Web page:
4 Ways Harmonic Mixing Can Rescue Your DJ Sets

Requests

Try what you want to deflect it, sometimes you may have no choice but to play patrons' requests. Getting it done without ruining your DJ set is one thing harmonic mixing can help with. Pic: No Breasts, No Requests

Back at the start of my DJ career, I read a book called How to DJ Right: The Art and Science of Playing Records (I completely recommend it to any new DJ, by the way). Of all the styles of mixing it discusses, the one that I grabbed and ran with the most was harmonic mixing, which opened my eyes to many mixing possibilities.

This isn't the place to explain harmonic mixing (head over to The 123 Of Mixing In Key for that), but the absolute basic is that every song has one main "note" which it comes back to over and over again - and some "notes" mix well others. (It's a bit more complicated than that, but as I say this isn't an article to explain it all. You get the idea.)

Now, some "notes" clash when you try and mix, and some don't. Knowing the "notes" or "keys" of your tracks is the basis of harmonic mixing, and this is what helps you to prevent most key clashes. (There is software to work this out for you, like Mixed in Key, beaTunes and others.)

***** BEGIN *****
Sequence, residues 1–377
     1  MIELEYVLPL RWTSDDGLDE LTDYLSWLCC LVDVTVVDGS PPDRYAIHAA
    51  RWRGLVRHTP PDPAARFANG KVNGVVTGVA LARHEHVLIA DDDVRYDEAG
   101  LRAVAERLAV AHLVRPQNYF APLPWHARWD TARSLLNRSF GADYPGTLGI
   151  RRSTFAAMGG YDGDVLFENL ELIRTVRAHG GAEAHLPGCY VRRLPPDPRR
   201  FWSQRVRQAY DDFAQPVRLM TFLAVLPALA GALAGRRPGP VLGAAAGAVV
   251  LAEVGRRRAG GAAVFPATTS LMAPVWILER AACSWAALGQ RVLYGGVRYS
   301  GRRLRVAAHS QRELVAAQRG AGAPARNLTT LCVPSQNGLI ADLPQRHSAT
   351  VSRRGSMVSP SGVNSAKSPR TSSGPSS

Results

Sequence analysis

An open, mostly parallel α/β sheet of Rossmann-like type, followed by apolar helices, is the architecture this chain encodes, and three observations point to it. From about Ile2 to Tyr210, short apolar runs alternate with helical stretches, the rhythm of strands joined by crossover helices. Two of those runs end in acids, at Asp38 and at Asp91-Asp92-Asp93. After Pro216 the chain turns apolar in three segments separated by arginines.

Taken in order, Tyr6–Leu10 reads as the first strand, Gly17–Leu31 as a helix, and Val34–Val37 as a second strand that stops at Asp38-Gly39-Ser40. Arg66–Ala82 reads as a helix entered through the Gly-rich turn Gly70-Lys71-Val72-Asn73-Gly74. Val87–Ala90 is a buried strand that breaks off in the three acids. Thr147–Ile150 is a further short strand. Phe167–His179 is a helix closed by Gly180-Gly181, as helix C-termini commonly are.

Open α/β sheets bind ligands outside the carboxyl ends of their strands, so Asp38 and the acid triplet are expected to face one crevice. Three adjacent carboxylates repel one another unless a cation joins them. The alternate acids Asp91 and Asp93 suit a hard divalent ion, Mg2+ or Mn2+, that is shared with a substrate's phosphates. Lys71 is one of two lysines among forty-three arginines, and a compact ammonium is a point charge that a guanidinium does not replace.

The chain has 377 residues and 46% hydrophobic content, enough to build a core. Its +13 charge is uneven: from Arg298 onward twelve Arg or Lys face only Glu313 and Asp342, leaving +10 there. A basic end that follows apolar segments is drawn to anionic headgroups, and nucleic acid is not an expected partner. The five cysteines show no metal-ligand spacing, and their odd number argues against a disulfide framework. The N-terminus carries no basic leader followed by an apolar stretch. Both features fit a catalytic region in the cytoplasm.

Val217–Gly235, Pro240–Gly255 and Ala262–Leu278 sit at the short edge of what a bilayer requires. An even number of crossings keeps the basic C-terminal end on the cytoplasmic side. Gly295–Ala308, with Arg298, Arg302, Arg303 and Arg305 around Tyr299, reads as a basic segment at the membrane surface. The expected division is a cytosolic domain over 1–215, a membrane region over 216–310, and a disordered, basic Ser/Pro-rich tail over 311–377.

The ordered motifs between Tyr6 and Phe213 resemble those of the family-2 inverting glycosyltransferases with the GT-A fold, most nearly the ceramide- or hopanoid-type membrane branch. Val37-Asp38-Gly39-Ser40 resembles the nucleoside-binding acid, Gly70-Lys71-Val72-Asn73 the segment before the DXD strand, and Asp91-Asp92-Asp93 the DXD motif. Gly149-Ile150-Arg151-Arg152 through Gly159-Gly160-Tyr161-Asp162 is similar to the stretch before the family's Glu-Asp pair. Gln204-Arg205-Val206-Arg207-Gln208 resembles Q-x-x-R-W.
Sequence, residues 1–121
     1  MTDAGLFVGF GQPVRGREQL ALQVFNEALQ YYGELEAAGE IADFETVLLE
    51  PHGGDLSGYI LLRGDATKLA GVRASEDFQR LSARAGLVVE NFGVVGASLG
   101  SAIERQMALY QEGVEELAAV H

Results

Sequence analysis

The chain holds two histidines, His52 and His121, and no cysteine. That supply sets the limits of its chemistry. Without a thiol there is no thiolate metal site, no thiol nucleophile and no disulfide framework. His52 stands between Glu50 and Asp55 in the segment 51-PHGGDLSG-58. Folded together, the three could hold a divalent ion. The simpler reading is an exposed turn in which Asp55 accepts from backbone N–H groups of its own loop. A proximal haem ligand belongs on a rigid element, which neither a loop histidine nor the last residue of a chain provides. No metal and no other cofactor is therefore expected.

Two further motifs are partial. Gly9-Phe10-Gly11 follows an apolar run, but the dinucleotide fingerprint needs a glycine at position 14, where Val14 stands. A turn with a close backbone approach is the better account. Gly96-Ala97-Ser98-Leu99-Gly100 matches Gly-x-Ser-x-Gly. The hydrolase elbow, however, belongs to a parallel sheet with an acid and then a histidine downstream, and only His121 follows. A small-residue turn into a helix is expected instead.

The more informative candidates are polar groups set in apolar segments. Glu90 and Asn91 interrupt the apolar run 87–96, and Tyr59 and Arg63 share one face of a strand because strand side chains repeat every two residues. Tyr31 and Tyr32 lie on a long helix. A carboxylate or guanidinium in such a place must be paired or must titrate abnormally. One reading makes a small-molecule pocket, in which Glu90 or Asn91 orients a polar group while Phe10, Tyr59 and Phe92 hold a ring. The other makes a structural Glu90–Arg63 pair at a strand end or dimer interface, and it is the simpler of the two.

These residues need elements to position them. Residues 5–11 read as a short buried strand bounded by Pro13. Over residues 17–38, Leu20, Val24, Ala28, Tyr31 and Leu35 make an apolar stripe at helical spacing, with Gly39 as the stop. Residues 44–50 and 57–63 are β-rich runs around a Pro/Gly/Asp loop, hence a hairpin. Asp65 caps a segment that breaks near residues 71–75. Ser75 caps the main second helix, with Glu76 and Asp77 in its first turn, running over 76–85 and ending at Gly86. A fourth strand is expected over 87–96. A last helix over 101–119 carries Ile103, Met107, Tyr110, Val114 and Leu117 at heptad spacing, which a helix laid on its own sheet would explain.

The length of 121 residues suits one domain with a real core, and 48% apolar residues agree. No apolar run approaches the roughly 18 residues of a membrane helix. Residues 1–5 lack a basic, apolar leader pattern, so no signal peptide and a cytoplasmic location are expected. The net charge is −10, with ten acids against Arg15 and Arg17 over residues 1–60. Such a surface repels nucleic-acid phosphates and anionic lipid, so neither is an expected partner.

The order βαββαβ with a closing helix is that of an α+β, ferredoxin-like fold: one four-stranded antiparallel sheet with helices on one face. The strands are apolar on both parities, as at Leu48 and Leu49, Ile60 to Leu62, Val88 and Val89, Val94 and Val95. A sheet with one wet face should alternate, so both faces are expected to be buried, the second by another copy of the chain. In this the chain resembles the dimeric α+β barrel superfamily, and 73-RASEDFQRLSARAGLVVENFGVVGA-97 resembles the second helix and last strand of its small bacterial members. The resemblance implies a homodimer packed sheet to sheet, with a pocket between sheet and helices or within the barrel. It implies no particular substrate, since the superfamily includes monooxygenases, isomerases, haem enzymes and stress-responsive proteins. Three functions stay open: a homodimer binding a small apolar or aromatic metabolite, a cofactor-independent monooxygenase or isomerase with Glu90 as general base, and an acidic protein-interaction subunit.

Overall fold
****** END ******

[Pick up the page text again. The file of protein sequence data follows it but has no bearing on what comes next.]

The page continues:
Notice the word “most”. It’s not foolproof. Yet, most times it works accurately. There are four benefits I find time and time again to at least considering mixes that are "in key" (or "harmonically matched"). Here they are:

Four ways harmonic mixing can rescue your DJ sets

  1. It can prevent trainwrecks - Not BPM trainwrecks (when the beats are completely out from each other), but musical trainwrecks where the music clashes horribly. Even some of the best DJs sometimes throw a song on, unprepared for the key clash that ensues. The last thing a hardworking DJ needs is folks flashing obscene gestures because they cause a musical trainwreck as they try and get from one tune to the next